Maurice Mullen on his role as the Head of Fashion & Luxury at The Evening Standard, and its meaning post pandemic

Maurice Mullen on his role as the Head of Fashion & Luxury at The Evening Standard, and its meaning post pandemic

Maurice Mullen

Condé Nast College recently welcomed Maurice Mullen, Head of Fashion & Luxury Goods at The Evening Standard, who spoke to students about his career trajectory and the ever – evolving definition of luxury as we navigate the new normal.  MA Fashion Journalism student, Manic Pathak reports … 


Seated in his office on a bright Wednesday afternoon, in a white club collared shirt and a black suit, Maurice Mullen, Head of Fashion & Luxury Goods at The Evening Standard spoke to the Condé Nast College students. A very important figure in the realm of fashion publishing, Maurice also elaborated on the current meaning of luxury and the future of fashion journalism in the wake of the pandemic.



Role as the Head of Fashion & Luxury Goods


“There is no day that’s the same”, Maurice perfectly summarises his daily to-dos which involves sifting through at least a hundred pitches. His role also entails face-to-face interactions that the tactile nature of fashion demands. Briefly describing the press day he had attended earlier that day, Maurice explained the importance of PR events for the publication.


Maurice also talked about the importance of his role in liaising between the commercial and editorial teams to facilitate a smooth functioning relationship between the two departments. Advances in digital media have created a bridge between the two teams due to the removal of cover prices. 



Ultimately, advertisements are the core source of revenue and publications need to maintain a close relationship with those brands that want to invest.  


As a journalist, Maurice’s role doesn’t just involve writing, but also commissioning features for The Evening Standard, working closely with the editorial team to create themed issues for different months. For example The Fashion Special which also talks about the gender-neutral version of Men’s Fashion Week, Men’s Style Special, Watch & Jewelleries special, Interiors Special and Arts Special.


The British Fashion Council championing new talents


In 1999 Maurice joined the British Fashion Council (BFC) on the Executive Board and presently sits on the Advisory Board of the BFC. The partnership between the Evening Standard and the BFC encourages young, new talents. The Evening Standard has a significant readership and Maurice likes to call them ‘Design Literates’. 


He says,’ ‘We produce half a million Evening Standards every working day and 200,000 Evening Standard magazines and have a considerable number of unique users on The Standard’s digital platform”. This is a typical sophisticated London audience who are very well acquainted with designer names.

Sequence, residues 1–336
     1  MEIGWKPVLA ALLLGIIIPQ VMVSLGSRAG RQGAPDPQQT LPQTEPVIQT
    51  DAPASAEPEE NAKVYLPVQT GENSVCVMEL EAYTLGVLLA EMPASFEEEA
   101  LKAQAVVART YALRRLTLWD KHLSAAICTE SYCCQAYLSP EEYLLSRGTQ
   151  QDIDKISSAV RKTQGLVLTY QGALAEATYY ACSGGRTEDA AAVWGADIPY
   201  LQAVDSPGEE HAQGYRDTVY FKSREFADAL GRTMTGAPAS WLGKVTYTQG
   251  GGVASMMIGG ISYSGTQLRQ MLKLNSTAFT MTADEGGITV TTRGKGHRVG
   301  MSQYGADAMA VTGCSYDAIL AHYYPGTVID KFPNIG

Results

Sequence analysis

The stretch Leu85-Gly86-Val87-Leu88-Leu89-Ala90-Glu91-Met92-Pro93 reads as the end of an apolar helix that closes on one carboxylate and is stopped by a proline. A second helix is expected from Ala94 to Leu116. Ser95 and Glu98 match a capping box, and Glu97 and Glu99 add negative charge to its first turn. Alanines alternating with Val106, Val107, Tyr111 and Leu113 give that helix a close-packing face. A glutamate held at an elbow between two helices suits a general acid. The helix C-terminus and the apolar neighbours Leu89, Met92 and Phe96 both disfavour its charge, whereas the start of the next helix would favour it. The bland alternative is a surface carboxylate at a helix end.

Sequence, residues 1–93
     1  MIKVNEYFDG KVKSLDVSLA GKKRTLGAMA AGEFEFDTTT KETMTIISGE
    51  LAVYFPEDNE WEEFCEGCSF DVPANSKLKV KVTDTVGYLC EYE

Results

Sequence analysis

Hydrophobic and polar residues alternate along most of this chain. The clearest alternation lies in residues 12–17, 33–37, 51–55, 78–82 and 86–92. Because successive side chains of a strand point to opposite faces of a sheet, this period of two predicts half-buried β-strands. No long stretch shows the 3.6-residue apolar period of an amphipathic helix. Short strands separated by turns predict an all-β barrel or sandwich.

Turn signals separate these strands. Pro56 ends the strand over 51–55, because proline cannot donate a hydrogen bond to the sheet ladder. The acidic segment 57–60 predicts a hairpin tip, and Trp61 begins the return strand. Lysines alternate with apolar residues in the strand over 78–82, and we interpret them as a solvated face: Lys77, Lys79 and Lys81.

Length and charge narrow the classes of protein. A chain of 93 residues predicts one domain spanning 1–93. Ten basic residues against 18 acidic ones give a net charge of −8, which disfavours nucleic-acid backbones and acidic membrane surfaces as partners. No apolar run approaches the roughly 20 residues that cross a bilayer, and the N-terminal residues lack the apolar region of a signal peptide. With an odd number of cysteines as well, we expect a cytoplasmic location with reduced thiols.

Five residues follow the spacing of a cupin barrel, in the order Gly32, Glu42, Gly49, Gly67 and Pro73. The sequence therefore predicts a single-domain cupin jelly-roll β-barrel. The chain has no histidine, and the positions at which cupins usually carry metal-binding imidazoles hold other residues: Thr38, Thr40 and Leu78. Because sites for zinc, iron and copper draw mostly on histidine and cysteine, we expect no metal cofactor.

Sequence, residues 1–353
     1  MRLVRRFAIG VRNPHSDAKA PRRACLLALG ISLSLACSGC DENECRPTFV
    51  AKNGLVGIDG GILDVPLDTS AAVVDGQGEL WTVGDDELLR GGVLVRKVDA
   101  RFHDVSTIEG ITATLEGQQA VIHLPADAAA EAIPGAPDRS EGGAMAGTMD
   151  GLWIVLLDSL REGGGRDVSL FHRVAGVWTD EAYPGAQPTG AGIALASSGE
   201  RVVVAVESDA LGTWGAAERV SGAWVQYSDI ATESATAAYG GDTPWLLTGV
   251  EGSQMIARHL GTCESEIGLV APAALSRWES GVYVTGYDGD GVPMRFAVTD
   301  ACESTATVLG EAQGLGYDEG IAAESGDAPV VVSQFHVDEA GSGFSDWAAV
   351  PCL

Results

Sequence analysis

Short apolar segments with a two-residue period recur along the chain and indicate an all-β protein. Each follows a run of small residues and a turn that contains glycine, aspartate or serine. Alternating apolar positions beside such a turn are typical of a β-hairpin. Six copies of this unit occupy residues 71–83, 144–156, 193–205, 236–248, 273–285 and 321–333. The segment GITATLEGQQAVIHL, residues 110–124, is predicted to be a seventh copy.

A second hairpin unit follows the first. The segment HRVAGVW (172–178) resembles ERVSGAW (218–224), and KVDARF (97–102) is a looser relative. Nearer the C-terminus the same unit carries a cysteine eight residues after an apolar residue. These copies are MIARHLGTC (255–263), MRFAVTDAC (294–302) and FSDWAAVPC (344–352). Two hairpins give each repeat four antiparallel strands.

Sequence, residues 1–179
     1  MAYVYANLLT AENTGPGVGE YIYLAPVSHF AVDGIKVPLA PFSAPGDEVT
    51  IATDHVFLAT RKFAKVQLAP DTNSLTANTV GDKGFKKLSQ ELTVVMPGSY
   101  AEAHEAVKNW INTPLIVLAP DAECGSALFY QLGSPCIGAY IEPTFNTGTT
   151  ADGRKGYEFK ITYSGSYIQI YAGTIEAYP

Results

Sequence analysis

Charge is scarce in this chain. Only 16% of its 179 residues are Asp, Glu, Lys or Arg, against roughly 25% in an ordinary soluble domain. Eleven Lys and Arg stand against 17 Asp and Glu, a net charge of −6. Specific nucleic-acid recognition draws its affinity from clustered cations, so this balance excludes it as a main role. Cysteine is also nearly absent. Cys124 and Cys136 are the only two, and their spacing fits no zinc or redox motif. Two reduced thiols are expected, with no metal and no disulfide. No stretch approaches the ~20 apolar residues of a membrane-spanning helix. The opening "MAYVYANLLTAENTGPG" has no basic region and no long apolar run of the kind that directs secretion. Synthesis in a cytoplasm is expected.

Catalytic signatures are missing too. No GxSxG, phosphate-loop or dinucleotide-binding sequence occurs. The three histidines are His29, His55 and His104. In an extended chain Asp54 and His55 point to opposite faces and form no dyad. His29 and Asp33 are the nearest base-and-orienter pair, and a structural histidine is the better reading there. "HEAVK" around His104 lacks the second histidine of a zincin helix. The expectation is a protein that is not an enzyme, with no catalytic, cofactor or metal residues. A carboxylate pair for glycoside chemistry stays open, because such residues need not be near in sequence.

With the fashion world approaching the state of circular and ethical design Maurice believes in keeping with the times and speaking to their educated audiences. The Standard opens a new window to the upcoming designers working their way through sustainability and diversity.



The perspective of luxury


Maurice defines the term as ‘wearable’ luxury from the viewpoint of his role at The Evening Standard. He says, “By ‘wearable’ luxury I mean watches, jewellery, accessories, belts, bags, luggage; anything you can carry’. Reminiscing about the time when he had written a column for Wattswhat magazine, he believes luxury is synonymous with ‘craftsmanship’, and from a consumer point of view, it is ‘connoisseurship’. The idea of luxury also embodies the persona of consumers who know what they want, assimilating a sense of their unique style.


New luxury post pandemic


The aftermath of the pandemic has reassembled the meaning of luxury. Maurice elaborates, “people’s perception of what is luxury is not just in physical items anymore, it is about having a family around you, good health and having the time to appreciate that.” 



Maurice’s humour brightens the conversation as he explains that the pandemic has cemented the real meaning behind “aligning your chakra”. In hindsight, the true meaning of luxury is to feel at peace within the comforts of your couch, flipping through the pages of your favourite magazine.


Digital world accelerating democracy in fashion


Maurice explains the time when fashion bodies that ran the fashion weeks were “intimidatingly exclusive”. The exclusivity and the hierarchy also divided people in terms of first and last row spectators of the shows. Today, digital fashion shows have blurred the lines of exclusivity and also democratised fashion and brought it to a much more diverse set of audiences. This also came as a realisation that many people are interested in fashion and the desire to know what’s coming next season.



Key takeaways from the future of fashion journalism


  • Be as clear about what you want to do and aim at an area of specialisation. Becoming an expert in your field makes you the go-to journalist for important topics and gives you access to reputable people in that field.
  • Be meticulous and specific with pitches and most importantly, impeccable with grammar.
  • Be relevant, clear, and direct about what it is that you want to achieve through your stories.


By Manica Pathak, MA Fashion Journalism


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